Oh, but wait.  Where have I seen this tech before?

Sigh. Yet again the performance itself was not a ringing endorsement of the technology, and the technology not a ringing endorsement of its creator’s attunement with pop culture.  First, there are enormous complications of performance.  The motions of the performers don’t always translate reliably, so, again, the performer often looks disconnected from the sounds produced by his device.  Then, in this case, any motion at all is a signal, even if unintended, so the performer is limited to very delicate and cautious motions.  No fiery performance here.  (Of course, there could be a computer program, or say, a console and software, maybe call it Nintendo, which can determine the acceptable range of motions and sounds in any instance.)  And also, because the performer only has so much space and ability, the accelerometers are confined foremost by the performer’s own range of motion and movements.  What happens if you want to accelerate upwards but are already holding the device above your head?  You have to move downwards first even if you don’t want to.  Really, the performance space is the reachable sphere around the performer and good old physical ability.  In this case, then, it seems really ironic to see such a massive amount of computing power in ones hands and then limit it to such a cumbersome and circumscribing and clumsy method of having to handle it.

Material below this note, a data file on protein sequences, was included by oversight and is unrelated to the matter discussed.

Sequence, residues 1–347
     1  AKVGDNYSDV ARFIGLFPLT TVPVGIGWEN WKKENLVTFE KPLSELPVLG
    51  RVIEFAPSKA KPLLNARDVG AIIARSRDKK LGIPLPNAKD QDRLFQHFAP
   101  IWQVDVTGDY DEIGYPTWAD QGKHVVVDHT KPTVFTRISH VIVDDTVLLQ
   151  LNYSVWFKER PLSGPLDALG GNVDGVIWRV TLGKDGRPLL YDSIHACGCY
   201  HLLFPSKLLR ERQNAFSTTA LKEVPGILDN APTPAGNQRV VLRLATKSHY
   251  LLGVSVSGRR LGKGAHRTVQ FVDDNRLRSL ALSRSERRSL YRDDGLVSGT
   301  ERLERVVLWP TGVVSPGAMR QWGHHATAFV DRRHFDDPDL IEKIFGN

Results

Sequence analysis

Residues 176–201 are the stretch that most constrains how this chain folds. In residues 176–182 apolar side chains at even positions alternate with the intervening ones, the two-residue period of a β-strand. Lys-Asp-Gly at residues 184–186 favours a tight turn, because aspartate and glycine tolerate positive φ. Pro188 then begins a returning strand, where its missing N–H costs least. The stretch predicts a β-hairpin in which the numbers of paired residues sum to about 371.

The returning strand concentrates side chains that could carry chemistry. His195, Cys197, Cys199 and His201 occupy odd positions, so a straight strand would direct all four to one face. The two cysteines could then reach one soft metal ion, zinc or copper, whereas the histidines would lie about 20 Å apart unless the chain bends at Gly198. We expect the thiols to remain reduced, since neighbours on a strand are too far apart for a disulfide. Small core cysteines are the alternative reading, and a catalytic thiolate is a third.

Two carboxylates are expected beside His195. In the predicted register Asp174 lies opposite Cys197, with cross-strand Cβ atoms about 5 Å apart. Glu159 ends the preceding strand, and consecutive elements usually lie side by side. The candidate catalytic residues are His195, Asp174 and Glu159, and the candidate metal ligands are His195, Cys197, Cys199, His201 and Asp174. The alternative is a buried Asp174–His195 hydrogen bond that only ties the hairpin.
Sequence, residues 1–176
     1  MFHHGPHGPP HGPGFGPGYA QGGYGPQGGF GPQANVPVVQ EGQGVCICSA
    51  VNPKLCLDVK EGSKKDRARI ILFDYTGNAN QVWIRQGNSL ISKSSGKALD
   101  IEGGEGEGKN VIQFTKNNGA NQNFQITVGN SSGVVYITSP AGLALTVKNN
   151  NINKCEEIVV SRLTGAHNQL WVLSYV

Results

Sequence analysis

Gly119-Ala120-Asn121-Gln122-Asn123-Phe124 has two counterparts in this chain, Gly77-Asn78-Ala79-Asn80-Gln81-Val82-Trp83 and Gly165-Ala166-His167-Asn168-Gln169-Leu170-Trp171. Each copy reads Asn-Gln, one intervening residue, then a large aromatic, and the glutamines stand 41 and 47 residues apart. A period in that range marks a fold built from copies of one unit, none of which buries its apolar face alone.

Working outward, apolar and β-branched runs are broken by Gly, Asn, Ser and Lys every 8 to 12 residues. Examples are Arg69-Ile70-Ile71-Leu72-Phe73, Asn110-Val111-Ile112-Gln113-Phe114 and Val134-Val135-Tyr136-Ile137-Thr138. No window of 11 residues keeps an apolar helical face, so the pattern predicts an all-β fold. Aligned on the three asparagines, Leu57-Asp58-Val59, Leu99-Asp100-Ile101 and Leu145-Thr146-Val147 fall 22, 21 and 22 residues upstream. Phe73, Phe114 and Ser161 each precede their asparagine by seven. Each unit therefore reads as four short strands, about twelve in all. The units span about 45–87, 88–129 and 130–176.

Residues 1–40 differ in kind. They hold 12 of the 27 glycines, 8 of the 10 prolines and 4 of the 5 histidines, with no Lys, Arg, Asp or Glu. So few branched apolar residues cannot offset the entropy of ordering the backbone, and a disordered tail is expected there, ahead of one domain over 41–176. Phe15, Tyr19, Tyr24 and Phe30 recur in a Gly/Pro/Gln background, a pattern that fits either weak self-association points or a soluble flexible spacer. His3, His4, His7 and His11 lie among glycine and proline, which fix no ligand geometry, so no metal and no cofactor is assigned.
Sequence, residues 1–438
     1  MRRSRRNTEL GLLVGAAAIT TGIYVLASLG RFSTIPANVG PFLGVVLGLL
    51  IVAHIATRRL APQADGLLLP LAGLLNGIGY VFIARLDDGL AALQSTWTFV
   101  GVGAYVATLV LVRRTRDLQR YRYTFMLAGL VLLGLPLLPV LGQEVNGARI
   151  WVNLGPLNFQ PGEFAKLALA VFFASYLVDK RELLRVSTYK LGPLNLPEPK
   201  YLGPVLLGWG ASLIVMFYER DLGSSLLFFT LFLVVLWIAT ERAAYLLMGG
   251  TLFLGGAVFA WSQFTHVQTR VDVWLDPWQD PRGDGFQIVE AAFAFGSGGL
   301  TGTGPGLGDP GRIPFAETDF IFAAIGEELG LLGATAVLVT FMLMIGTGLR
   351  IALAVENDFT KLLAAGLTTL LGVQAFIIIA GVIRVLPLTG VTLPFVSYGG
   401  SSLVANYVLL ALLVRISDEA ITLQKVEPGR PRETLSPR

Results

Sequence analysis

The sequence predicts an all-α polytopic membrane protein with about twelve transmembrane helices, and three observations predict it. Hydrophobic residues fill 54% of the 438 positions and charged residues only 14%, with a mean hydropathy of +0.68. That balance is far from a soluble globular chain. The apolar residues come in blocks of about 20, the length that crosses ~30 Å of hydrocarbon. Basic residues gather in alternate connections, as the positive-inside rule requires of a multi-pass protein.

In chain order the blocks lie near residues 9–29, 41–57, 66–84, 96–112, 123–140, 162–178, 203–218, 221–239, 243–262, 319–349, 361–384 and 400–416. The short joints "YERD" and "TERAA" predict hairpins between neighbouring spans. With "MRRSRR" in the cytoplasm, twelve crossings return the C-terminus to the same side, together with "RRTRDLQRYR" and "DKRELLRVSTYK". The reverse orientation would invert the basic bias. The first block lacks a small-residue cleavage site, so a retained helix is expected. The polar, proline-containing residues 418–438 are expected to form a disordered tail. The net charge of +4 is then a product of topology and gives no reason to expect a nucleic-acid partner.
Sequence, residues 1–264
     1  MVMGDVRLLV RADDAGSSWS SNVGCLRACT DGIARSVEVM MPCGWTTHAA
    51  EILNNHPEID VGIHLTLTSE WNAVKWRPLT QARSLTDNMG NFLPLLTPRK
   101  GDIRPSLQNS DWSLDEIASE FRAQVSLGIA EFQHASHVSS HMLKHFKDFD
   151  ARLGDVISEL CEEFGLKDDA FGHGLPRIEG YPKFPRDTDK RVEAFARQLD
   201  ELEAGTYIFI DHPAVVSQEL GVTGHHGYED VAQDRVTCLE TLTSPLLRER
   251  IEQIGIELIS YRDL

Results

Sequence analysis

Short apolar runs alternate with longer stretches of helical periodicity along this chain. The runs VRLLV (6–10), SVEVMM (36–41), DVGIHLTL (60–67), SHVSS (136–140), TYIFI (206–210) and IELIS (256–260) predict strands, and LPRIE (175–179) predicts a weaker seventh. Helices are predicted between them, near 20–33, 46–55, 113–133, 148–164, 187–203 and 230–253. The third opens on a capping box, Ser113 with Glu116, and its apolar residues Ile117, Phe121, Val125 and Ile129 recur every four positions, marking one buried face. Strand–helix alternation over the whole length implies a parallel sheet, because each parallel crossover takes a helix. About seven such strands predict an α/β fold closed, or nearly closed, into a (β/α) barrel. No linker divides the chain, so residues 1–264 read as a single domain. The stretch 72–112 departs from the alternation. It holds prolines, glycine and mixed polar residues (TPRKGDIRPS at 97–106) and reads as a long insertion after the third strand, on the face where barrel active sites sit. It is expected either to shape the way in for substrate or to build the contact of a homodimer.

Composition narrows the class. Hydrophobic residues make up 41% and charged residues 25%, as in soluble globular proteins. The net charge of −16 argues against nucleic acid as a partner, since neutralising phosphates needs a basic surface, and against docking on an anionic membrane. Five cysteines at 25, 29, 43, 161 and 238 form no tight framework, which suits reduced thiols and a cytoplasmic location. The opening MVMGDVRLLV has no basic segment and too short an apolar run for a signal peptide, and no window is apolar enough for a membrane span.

Plus, and the pre-recorded sounds they were manipulating were, once again, at dangerous volumes and deadly horrifying to listen to.

Aphasia – Mark Applebaum
I’ll leave you with this.  It’s a piece of performance art, this one, and does not actually demonstrate live creation of sound.  Mark performs his own gesticulations, a sign-language of sorts, in-time with a recording of vocal chop-suey. I think it shows the sort of control music engineers wish to aspire to with gesticulated performance that has not nearly yet been achieved with previous efforts.

Wednesday, May 16, 2012

Event: NIME Conference 2012

During the Events Calendar on Dead White Guys last Sunday, I mentioned the New Interfaces for Musical Expression (NIME) conference coming to U-M next week, and would now like to tell you more about it.  Hopefully, you’ll be convinced you should attend, because if you don’t attend it will prove one of the great mistakes of your life, one of the great missed opportunities you’ll tearfully recount to your only, reluctant, there-because-s/he-would-feel-bad-otherwise friend while decaying on your deathbed after a disappointing existence spent shunted off from intellectual exploration.  Trust me, go and your corpus callosum will thank you for it.